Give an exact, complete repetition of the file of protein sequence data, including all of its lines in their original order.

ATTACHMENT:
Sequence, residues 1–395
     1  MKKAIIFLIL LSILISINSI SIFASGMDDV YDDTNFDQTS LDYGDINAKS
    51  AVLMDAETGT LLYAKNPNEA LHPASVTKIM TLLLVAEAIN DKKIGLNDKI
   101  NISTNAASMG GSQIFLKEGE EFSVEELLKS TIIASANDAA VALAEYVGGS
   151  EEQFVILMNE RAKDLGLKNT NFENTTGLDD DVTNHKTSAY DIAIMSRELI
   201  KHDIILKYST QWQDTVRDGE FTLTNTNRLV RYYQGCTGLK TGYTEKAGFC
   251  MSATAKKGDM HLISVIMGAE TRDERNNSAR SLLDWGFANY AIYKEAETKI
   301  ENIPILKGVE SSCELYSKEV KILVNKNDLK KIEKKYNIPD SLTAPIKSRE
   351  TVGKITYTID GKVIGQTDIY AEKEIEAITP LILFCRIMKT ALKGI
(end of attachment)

Sequence, residues 1–395
     1  MKKAIIFLIL LSILISINSI SIFASGMDDV YDDTNFDQTS LDYGDINAKS
    51  AVLMDAETGT LLYAKNPNEA LHPASVTKIM TLLLVAEAIN DKKIGLNDKI
   101  NISTNAASMG GSQIFLKEGE EFSVEELLKS TIIASANDAA VALAEYVGGS
   151  EEQFVILMNE RAKDLGLKNT NFENTTGLDD DVTNHKTSAY DIAIMSRELI
   201  KHDIILKYST QWQDTVRDGE FTLTNTNRLV RYYQGCTGLK TGYTEKAGFC
   251  MSATAKKGDM HLISVIMGAE TRDERNNSAR SLLDWGFANY AIYKEAETKI
   301  ENIPILKGVE SSCELYSKEV KILVNKNDLK KIEKKYNIPD SLTAPIKSRE
   351  TVGKITYTID GKVIGQTDIY AEKEIEAITP LILFCRIMKT ALKGI